The American space agency launched New Horizons in January of last year. Although smaller than a car, it is the fastest spacecraft ever launched. It has traveled at speeds of over fifty-seven thousand kilometers an hour.

New Horizons is expected to reach Pluto in two thousand fifteen.

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VOICE TWO:

Lung cancer kills more Americans than any other kind of cancer. Smoking is a leading cause of the disease. Signs of lung cancer include chest pain, breathing problems and the sudden expulsion of air from the lungs. The signs may not appear until the disease is fully developed.

Doctors have different ways to find lung cancer. One test is an x-ray imaging process called computed tomography, or CT. A CT test, or scan, can be helpful in finding very small growths on the lung.

Last year, the New England Journal of Medicine published a report about CT scans and lung cancer. The report said early discovery of lung cancer with the test followed by an operation could save lives. It estimated that patients whose cancers were found early and then removed had a ten-year survival rate of ninety-two percent.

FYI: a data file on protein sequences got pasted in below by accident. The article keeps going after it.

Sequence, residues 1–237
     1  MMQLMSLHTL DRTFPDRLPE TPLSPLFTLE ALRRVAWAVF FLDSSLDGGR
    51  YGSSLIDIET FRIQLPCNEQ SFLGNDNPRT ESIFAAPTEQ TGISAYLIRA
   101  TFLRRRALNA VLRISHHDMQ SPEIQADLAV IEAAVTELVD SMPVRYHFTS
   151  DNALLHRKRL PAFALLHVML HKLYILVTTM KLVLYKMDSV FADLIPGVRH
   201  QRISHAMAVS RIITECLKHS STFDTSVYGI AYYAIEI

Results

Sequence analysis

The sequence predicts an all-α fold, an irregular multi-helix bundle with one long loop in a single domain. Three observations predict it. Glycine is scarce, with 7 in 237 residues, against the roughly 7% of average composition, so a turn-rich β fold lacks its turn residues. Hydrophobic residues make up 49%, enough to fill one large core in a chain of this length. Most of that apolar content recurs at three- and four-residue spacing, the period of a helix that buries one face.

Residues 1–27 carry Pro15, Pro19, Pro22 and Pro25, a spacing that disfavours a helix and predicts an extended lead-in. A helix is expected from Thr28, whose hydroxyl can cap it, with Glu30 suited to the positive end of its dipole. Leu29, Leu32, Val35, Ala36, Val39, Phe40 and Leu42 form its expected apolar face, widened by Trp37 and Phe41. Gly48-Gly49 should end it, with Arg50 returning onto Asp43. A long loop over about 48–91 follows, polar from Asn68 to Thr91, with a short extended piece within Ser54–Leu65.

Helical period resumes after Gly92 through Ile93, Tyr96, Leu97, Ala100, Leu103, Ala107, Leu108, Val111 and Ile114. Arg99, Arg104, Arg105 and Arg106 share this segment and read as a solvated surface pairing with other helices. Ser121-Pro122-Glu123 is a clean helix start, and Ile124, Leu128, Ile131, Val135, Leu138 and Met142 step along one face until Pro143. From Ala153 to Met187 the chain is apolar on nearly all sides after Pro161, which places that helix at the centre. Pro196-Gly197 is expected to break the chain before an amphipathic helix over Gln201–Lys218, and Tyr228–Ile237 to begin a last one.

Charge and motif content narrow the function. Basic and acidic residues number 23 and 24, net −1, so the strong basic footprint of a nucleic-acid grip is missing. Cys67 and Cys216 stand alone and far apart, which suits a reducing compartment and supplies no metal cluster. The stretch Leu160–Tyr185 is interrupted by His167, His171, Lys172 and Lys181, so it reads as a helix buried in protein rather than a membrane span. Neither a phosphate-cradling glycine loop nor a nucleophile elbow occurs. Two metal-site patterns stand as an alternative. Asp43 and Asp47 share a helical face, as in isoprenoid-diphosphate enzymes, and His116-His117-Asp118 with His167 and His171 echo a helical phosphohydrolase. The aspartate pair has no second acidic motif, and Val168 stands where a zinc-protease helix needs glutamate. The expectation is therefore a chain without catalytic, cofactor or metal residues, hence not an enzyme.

VOICE ONE:

Now, another report is disputing the findings. The Journal of the American Medical Association published the report. Peter Bach is a lung specialist at the Memorial Sloan Kettering Cancer Center in New York. He says early CT testing is not only unproven, but can cause great harm to patients. He says some patients died from unnecessary operations. Others suffered heart attacks, infections and even a collapsed lung.

Doctor Bach says CT scans are successful at finding small growths in the lungs. But he says such growths do not always spread quickly or cause serious harm. For that reason, he says, it only seemed in the earlier study that lung cancer deaths were prevented.

VOICE TWO:

Doctor Bach and his team examined information about more than three thousand two hundred people. All of the patients either smoked or were former smokers. They were tested for lung cancer. Doctor Bach says CT scans missed the fast-growing, deadly cancers. He says the tests showed only very small, slow-growing cancers. The CT scans led to a rise in the number of lung cancer operations.